James Walker at the Flesk Publications Booth

What made this year a smooth one was the help of a few new helpers at my booth this year. Besides my good friend James being my right hand man, my pal Randy Dahlk chipped in, as did Laura West, Jocelyn Liang and Jackie Huang (all three being exceptional artists). Thanks to you all.

See you next year!



John Fleskes
Flesk Publications
Text and photos © 2011 John Fleskes

Flesk Prime
Flesk Store

Flesk Publications at Comic-Con 2011 — Part 2. Artists and Signings.

Pierre Alary signing at the Flesk Publications booth. Photo © 2011 John Fleskes

At the 2010 Comic-Con we only had a handful of artist signings at the Flesk Publications booth. I wanted to stimulate more activity at my booth and made an effort to increase the number of artist appearances for 2011.

First of all, Mark Schultz gave up his previous spot which he shared with Gary Gianni and Jim Keegan for the last 10 years or so and moved to the Flesk booth. Mark was with us each day with guaranteed signing times in the morning. Then he would pop in and out throughout the rest of the day. This gave Mark the freedom to come and go as he pleased and not have the responsibility that comes with being committed full time to a booth for five days. He did end up staying with us much of the time, but I know the mental freedom of not being chained to a booth was rewarding for him. I’ll always have a welcome spot for Mark should he choose to continue staying with us.

Bruce Timm signing his Naughty and Nice Teaser at the Flesk booth. Photo © 2011 Amy Wagner.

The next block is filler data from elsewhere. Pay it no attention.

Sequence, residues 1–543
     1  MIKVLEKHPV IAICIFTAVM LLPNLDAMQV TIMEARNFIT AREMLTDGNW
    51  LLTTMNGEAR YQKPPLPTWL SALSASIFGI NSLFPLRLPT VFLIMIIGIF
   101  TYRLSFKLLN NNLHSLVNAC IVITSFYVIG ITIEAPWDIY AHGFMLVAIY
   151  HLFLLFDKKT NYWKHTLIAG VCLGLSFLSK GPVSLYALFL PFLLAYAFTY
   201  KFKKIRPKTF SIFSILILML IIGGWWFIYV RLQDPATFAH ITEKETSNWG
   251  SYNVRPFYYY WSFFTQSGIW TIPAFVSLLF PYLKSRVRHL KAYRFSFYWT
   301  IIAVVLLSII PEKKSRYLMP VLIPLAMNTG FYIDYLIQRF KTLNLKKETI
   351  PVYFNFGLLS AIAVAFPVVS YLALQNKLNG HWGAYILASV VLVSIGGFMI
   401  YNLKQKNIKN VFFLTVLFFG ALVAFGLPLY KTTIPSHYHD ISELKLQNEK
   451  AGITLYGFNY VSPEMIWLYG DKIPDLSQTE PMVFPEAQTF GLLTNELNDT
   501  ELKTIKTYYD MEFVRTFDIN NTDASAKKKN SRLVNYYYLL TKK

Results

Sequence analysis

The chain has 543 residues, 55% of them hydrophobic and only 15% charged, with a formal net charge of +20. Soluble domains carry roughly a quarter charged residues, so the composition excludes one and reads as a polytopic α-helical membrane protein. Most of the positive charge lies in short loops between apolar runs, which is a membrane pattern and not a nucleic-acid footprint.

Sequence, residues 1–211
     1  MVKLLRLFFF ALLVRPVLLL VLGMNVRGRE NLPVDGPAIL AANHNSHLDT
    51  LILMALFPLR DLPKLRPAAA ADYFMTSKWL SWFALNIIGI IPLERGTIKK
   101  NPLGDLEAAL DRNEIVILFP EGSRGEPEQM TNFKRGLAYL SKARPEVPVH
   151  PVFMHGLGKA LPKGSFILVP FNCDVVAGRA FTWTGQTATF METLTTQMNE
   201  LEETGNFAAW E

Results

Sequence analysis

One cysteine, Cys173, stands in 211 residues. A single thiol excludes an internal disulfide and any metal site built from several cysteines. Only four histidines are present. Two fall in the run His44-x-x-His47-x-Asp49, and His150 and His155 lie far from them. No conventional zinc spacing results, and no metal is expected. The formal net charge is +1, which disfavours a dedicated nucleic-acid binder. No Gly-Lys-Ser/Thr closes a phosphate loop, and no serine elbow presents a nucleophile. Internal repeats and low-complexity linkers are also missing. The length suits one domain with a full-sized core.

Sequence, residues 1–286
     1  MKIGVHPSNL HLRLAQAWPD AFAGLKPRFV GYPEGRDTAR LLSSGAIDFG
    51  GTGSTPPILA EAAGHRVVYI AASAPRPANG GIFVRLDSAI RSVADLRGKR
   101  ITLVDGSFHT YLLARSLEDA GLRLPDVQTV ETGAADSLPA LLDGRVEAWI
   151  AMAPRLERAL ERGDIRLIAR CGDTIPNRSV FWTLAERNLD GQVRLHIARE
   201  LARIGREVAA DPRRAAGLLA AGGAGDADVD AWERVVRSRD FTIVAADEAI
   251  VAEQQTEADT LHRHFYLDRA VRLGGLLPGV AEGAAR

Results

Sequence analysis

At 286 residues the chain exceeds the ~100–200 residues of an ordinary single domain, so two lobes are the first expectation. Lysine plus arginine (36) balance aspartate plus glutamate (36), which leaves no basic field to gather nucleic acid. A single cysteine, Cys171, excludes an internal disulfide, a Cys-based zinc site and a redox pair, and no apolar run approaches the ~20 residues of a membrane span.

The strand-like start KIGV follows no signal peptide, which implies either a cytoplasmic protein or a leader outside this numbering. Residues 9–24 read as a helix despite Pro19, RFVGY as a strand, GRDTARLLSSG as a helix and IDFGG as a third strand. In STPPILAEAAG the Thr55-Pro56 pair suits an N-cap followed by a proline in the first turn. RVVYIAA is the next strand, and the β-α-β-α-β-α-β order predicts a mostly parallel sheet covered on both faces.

Bruce Timm stopped by for an hour on Thursday which brought in a steady stream of fans. Even with our keeping the new BT Naughty and Nice Teaser chapbook behind the counter and limiting it to two per person we still blew through many copies. Bruce noticed copies of his Teaser were up on Ebay a full week before we premiered them at the show. I checked and sure enough they were up there. I held back copies just for our Flesk store for those who didn’t make the show. There are still some signed copies left if you want one. They will only run you $15.00 instead of the $35.00 and up prices you will find on Ebay.

Pierre Alary, in conjunction with Stuart Ng Books, did two signings at our table. They ran on Thursday and Friday for two hours each session. Pierre was doing beautiful drawings in his Sinbad and Belladone books purchased from Stuart Ng Books. Even though we do not publish Pierre’s work, I am a huge fan of his and was more than willing to open up a spot for him at our booth. I filmed him drawing three full sketches during his second session. I’ll have video clips up of Pierre drawing on our future revamped Flesk website which will be available in a couple of months.

To get off track for a second, Mark Schultz and I took a little break on Saturday at a quiet spot behind the convention center. During this time away, I filmed him drawing a Hannah portrait and a dinosaur sketch. I will post these clips on the new Flesk website once it is ready.